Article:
Coronation Celebration

Well, I just can’t let the occasion of a royal coronation pass me by without recognizing it in cake somehow! (Personally, as significant, and full of pomp and circumstance a coronation is, isn’t it really all about the food?! Coronation recipes are already flying around the internet, I see.)

With the Windsor family’s strong links to Germany, I thought preparing my version of a Frankfurter Kranz would be totally appropriate. Even aside from the fact that the name and look of the cake is meant to be remind one of a bejeweled crown. Kranz is the word for wreath, or crown, and with the round shape of it, and the lingonberries (or cherries in a more traditional version) representing rubies, it seemed like the one to make, as the land of (at least some of) my ancestors gets a new King.

I’ll just say up front that I have not rewritten and reposted the recipe for this one in this post, but I will link to it, so you can check it out for yourselves: It’s the Dr. Oetker recipe here.

This version is called a “Classic Frankfurter Kranz”, though I used to make this recipe 20+ years ago from the Backvergnügen Wie Noch Nie recipe book I got when I lived in Germany and the recipe is different. That is to say, the look, flavors, way it’s prepared – that’s all basically the same. But the sponge recipe certainly deviates from the one I’m used to; and the frosting in my old favorite doesn’t use pudding, as this one does!

When I check out a few others posted on the internet, there’s variations to them as well, so I’m not sure if there’s actually one “classic”! If I’m honest, I’ll go back to the one in my 30-year old recipe book next time – it just used to turn out better for me.

That being said, the Dr. Oetker recipe had its high points – the sponge was pretty good, quite airy, maybe not quite as tender (probably because it had more egg than my other recipe; also less flour and no cornstarch, like the other). I did miss the hint of citrus and rum in this one as well, which I think makes the sponge a little more interesting.

I also found that when I used the vanilla pudding in the buttercream, the buttercream just broke for me. So ultimately I couldn’t use it, and just switched to an American buttercream to be able to frost and fill these small-to-mini-versions of this cake.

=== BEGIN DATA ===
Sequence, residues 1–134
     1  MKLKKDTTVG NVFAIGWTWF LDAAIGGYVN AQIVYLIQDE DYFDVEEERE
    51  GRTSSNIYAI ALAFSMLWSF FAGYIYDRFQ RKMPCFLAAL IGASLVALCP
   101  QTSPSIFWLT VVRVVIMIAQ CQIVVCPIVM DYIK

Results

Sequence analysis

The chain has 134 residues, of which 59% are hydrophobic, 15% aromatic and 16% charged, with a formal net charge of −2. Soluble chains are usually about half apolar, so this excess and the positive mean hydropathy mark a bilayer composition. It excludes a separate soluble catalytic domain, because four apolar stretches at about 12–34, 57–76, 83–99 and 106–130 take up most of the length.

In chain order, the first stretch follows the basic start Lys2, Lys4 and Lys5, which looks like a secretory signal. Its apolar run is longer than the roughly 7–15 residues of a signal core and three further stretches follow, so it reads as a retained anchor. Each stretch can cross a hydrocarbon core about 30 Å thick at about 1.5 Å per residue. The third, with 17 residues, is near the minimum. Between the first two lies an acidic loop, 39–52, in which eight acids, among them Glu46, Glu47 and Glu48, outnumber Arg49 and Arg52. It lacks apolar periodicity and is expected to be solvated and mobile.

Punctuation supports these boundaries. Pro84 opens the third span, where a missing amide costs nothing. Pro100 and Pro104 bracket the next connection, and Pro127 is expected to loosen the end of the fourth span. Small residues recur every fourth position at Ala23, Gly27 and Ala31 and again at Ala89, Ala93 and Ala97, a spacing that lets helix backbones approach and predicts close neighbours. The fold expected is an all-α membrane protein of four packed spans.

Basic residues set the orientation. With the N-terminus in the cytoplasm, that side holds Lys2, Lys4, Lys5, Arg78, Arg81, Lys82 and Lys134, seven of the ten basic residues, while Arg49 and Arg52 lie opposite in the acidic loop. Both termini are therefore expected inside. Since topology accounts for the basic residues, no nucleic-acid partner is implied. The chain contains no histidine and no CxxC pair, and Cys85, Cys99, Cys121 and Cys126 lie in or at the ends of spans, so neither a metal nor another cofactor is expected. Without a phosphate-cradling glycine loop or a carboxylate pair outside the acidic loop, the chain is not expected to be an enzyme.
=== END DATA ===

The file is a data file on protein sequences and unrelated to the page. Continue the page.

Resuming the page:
To be fair, I didn’t have Dr. Oetker vanilla pudding, just used an American brand. So there may be something in those mixes that doesn’t work to make a buttercream frosting, I’m not quite sure.

To the third component of the cake – the Krokant, I can only say “wow! where have you been all my life?!”. The Dr. Oetker direction on how to make this was perfect – it only takes three ingredients and worked exactly as the recipe described. I used hazelnuts instead of almonds, but that’s the only thing I did differently.

And not only is this a hallmark of a Frankfurter Kranz cake, it really adds a nice crunch and flavor. I will definitely be saving my leftovers for future cakes! They would make a great extra crunch between cake layers as well.

Below is what the “brittle” looks like just off the stove and cooling on parchment; then finely chopped in a small grinder to make it the right size for garnishing the outside of the cake.

So, per usual, I went for smaller-sized cakes, though if I’m honest here again, I probably wouldn’t do that again! It’s a LOT more difficult to frost them as they get smaller, and it does make such an impressive regular-sized cake, I’d probably just stick with that instead.

For the small ones (as opposed to “mini”), I used the NordicWare Geo Bundtlette because it happened to be the only one I had in this approximate size (~3.5 inches diameter). This was large enough to get one layer with filling (though some recipes only fill with buttercream and no jam). And it works great to serve in small slices with an afternoon tea where you have other delectables as well.

For the mini-sized cakelets, I went with the Wilton doughnut pan, which strictly speaking isn’t a bundt! but got me to the mini size. With this size, I couldn’t make any layers, so I frosted as best I could and put a squirt of the cherry jam into the middle (which wasn’t really a hole, as it was filled with frosting).

As to the decoration – a normal Kranz would have Krokant all over it, but I opted to put it around the bottom, and then sometimes sprinkle it more lightly all over.

Also, instead of using cherries (sour or maraschino) which were too big for these sized cakes, I used small lingonberries instead (from a lingonberry jam I had; you could just use lingonberry jam as well).

So this is quite a long post without an actual recipe! but I hope these thoughts and guidance gives you the courage to try this amazing German cake – whether for the coronation or your own special afternoon tea!

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